products under another name and through a Japanese company.

The sales were good for the first year, but then serious problems emerged. “We did not know

what caused these problems, whether there were technical problems in our product or problems

in the marketing. We tried to consult our partner but were not able to receive any kind

of concrete answers, just ‘hai, hai’ (or ‘yes, yes’)”, says Mr. Márquez. In 1996, Marsan Industrial

withdrew from the Japanese market.

“About a year later I saw an advert in a Spanish newspaper about the ‘Japan Industry Insight’

course organised by the EU-Japan Centre and decided to apply”, says Mr. Márquez. “Through

the individual company visits the Centre organised for Marsan Industrial, I met up with new potential

clients. Another benefit was that these Japanese companies were able to put me into contact


with other European companies

which had been

faced with various problems

when exporting

to Japan”, he continues.

For Mr. Márquez,

such information was

invaluable.

Within a year, Marsan

Industrial was back in business

in Japan. In the beginning

the orders were modest,

but this time Mr. Márquez knew

that as soon as his company had established

itself in the market, the business

would grow. And so it has: currently about 25% of

Marsan Industrial’s turnover come from exports to Japan. Furthermore, Marsan Industrial

recently expanded into the Chinese market, and part of its success there is due to its flourishing

business with Japan. Mr. Márquez explains, “if I told a Chinese company that I am supplying to

Japan, it means Haverland© is a high-quality product, so that immediately makes it easier for

us to trade with China”.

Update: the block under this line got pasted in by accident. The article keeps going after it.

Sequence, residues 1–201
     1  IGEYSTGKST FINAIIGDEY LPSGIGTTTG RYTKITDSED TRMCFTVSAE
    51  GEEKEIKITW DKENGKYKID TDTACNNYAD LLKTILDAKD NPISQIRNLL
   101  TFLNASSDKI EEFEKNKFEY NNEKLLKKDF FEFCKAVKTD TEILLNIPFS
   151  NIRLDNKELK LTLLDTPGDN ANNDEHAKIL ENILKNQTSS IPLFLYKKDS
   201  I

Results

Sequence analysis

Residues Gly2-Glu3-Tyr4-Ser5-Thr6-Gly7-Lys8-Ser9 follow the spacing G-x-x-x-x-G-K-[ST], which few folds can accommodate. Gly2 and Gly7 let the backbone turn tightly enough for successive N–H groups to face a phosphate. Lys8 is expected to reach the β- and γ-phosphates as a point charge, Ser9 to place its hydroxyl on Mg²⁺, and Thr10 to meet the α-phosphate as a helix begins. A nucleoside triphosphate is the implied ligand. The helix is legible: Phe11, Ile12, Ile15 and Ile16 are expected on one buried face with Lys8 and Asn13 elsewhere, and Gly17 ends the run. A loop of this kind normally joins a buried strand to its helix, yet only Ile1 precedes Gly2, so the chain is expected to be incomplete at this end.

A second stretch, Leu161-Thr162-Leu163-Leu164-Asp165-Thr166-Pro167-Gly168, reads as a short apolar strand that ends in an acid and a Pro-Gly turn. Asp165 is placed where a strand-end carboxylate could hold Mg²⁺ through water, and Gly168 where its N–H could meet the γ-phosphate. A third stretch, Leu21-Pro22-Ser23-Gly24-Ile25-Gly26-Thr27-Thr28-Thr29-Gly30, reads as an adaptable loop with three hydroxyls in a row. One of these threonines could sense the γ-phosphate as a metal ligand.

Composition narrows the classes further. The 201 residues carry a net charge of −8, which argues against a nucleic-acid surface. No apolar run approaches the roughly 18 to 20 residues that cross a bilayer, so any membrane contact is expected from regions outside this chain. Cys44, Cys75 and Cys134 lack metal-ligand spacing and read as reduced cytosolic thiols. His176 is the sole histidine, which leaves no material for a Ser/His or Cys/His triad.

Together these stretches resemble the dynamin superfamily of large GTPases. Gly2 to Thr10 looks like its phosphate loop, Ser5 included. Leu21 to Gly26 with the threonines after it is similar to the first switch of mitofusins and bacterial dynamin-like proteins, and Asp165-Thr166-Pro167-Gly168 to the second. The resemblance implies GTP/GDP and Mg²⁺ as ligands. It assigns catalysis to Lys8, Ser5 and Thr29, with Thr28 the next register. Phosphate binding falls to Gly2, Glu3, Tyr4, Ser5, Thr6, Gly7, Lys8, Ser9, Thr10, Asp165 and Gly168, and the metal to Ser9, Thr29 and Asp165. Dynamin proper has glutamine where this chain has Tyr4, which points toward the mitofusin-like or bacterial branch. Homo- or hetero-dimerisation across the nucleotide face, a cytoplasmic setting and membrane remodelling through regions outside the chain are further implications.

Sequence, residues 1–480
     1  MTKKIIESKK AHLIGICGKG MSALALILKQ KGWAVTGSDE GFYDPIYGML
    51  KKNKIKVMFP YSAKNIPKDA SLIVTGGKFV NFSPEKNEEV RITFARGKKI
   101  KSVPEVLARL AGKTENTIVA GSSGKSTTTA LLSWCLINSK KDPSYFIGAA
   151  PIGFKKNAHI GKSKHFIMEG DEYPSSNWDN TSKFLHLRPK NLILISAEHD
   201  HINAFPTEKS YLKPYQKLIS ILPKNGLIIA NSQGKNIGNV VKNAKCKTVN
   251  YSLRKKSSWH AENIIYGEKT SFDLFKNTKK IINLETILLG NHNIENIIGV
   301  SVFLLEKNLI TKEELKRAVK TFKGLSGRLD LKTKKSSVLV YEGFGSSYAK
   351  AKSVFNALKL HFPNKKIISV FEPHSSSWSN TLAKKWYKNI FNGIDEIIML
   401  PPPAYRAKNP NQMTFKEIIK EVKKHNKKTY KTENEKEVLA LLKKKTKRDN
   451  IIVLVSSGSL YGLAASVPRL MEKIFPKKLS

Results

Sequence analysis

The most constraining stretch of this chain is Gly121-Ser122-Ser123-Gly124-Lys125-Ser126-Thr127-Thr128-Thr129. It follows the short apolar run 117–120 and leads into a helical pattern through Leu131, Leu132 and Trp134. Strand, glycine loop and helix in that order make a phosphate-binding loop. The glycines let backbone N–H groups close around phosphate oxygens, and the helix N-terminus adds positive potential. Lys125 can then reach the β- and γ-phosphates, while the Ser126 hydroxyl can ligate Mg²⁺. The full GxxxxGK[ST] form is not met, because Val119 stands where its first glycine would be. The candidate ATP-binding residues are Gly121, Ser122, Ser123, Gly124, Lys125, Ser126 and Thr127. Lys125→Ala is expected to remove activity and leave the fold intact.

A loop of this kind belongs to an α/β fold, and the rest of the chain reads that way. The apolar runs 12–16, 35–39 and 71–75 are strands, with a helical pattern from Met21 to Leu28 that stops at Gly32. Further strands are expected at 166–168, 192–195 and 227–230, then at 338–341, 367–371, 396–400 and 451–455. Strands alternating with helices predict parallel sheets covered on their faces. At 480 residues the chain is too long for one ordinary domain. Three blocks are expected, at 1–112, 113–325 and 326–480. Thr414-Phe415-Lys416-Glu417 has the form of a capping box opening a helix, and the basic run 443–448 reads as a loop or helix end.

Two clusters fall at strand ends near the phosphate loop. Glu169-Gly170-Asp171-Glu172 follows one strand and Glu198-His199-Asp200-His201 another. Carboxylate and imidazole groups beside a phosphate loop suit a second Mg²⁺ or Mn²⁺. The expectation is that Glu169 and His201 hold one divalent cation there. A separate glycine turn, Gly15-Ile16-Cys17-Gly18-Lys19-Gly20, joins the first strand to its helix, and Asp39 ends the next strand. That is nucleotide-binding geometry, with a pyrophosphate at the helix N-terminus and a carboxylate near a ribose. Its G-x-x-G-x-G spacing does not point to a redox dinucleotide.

For any European company aspiring to penetrate the

Japanese market, Mr. Márquez has a piece of advice

to offer: “Before going into the Japanese market,

I’d recommend them to follow an EU-Japan Centre

course about the specific ways of doing business

there”.

Mr. David Márquez,

Commercial Manager Marsan Industrial S.A. Spain

HRTP 23

12/05 – 24/07 1998

45


46

“I understood not only the importance

of business etiquette in

Japan, but the whole picture”

NCIMB Ltd. is a commercial services company incorporating the United Kingdom’s national

collections of industrial, food and marine bacteria, and it provides a range of microbial, molecular

and chemical services. The company has over the years conducted analytical work in

Japan to the extent that in 1997 a sister company, NCIMB Japan, was established in Shizuoka

Prefecture.

Mr. Dando, Head of Patents and Preservation from NCIMB Ltd., participated in the 25th “Japan

Industry Insight” course in 1999 with the purpose of gaining a better insight into Japan as well

as into Japanese business etiquette.


For Mr. Dando, “the

course was enlightening

and gave information

on the issues I wished

to learn, such as how

to conduct business with

Japanese people”. This

newly acquired information

was immediately put into practice

as Mr. Dando travelled to Shizuoka to

train the staff of NCIMB Japan on some

new techniques operated in the UK.

He continues that “the way of presenting your business-card to Japanese associates might

seem minor for us, Europeans, but in fact it is an important thing to know if you want to do

business in Japan. I was able to use that kind of knowledge straightaway”.

Maintaining a good relationship between the staff of NCIMB